Whether it’s the ongoing pandemic, rising frustrations within the rank-and-file of unions against not only corporate bosses but their own labor leaders, or both, workers are taking to the streets and going on strike across the country for better pay and working conditions.
Alabama miners strike as the company’s hedge fund owners reward execs
Mine workers have waged a six-month-long strike at two Warrior Met Coal mines in Brookwood, Alabama, near Tuscaloosa, as the mines’ hedge fund owners refused to restore the pay and health care cuts that were made several years ago in an effort to get the company back on sound financial ground.
A consortium of as many as 30 hedge funds took over the company in 2016 after its previous owner filed for bankruptcy. In classic hedge fund tradition, the new owners are insisting on up to 16-hour days and seven-days-a-week work schedules as the company enjoys new prosperity to the tune of $4 billion in revenues since the takeover. Company executives are lapping up as much as $35,000 in bonuses as a result.
The company’s latest contract offer would only restore $1-an-hour of the $6 pay cut miners had accepted after the takeover.
“This company has prospered,” miner Dedrick Gardner told Steve Wishnia of Labor Notes. “We worked a whole year during the pandemic. The mine didn’t shut.”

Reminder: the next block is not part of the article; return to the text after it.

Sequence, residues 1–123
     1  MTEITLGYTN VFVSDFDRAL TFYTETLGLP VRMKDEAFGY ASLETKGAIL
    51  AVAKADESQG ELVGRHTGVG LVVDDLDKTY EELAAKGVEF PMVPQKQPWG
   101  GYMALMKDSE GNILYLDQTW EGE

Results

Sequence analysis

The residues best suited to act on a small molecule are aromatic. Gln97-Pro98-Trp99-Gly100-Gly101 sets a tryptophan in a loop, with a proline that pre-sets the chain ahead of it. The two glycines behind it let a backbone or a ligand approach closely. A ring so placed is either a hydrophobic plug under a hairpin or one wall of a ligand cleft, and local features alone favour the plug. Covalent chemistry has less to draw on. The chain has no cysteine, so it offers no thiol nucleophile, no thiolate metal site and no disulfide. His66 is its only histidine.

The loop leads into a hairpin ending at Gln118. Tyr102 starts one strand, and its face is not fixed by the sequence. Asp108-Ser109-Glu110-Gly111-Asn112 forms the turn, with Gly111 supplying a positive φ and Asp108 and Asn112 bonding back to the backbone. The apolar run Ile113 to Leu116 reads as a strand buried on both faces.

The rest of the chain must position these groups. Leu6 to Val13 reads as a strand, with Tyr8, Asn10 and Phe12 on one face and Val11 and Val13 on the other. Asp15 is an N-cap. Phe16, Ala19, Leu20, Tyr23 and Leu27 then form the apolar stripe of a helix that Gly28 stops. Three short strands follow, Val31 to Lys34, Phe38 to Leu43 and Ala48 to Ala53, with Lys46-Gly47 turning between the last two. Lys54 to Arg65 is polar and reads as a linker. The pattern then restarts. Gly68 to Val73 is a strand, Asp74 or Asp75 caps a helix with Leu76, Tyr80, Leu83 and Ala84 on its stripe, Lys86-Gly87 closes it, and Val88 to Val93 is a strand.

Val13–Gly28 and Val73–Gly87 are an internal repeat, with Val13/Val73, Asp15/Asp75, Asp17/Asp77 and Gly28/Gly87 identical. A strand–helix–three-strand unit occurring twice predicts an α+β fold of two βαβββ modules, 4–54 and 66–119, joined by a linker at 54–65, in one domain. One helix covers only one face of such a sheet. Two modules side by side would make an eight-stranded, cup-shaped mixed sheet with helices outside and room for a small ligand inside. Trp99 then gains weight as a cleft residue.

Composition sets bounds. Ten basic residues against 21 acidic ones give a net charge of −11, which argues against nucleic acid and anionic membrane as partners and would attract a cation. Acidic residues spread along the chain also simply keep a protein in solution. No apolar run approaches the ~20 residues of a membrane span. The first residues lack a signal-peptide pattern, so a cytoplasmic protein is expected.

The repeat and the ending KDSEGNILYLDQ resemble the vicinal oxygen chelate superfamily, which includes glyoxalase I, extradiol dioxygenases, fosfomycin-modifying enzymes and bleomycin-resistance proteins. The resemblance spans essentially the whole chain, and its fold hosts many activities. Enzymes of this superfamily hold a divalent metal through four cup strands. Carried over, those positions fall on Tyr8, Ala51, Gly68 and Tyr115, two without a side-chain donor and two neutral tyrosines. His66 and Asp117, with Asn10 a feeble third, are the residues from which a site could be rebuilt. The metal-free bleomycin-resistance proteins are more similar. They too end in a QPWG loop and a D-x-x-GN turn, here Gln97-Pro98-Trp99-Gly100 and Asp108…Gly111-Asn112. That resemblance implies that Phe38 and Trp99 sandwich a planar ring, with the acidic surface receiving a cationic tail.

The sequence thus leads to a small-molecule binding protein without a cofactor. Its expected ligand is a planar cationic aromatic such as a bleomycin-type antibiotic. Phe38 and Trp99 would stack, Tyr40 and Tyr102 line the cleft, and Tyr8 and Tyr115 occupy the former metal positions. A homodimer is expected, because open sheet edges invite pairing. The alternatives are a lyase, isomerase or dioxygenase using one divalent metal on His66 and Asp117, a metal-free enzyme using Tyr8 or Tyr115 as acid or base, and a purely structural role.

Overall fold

Dana workers on one side, union and company bosses on the other
Wildcat strikes are taking place at the Dana Inc. auto parts company after workers in Paris, Tennessee, Louisville and Dry Ridge, Kentucky, Columbia, Missouri, and other plants across the country soundly rejected a contract offer that was negotiated by the United Auto Workers and United Steelworkers.
Despite low pay and 12-hour-per-day, 7-days-per-week, poor COVID-protection working conditions at Dana, union officials have thus far ignored workers’ rejection of the contract, instructing them to keep working. The unions have okayed a number of pay-cutting concessions ever since Dana came out of bankruptcy 13 years ago.
Auto mechanics in Chicago defy their own strike-breaking union
In the spirit of the Memphis sanitation workers’ strike in 1968, one of the most famous of wildcat strikes in the country’s history, auto mechanics in the Chicago area are also on strike in defiance of their own union, the International Association of Machinists (IAM). They’re demanding higher pay for their low-tier members and better health care provisions.
The response from IAM leadership has been to encourage strikebreaking and isolation of the strikers. Union leaders want the workers to accept lower pay than what the strikers demand as necessary just to keep up with inflation.
In the 1968 strike in Memphis, Mayor Henry Loeb refused to even recognize the American Federation of State, County and Municipal Employees (AFSCME) as a valid union representing the sanitation workers. The workers struck anyway, winning their work action ultimately but strike supporter Martin Luther King Jr. lost his life in the process.
A strike in Bourbon country
Over in Bourbon country, some 400 workers at Heaven Hill in Bardsdown, Kentucky, are also on strike after rejecting a contract offer by a wide margin. “During the pandemic and all that, the company has told us, we’ll remember you all during contract time,” local union leader Jerry Newton told Mike Elk of the Payday Report. “Well, contract planning is here. They have showed us no respect.”
Workers say their wages are significantly lower than those at other whiskey-making companies and that they’re now being asked to work weekends as well as during the week.
Heaven Hill makes Evan Williams and other well-known whiskeys. Whiskey sales have risen since the onset of the pandemic even as restaurants and bars have experienced declining revenues.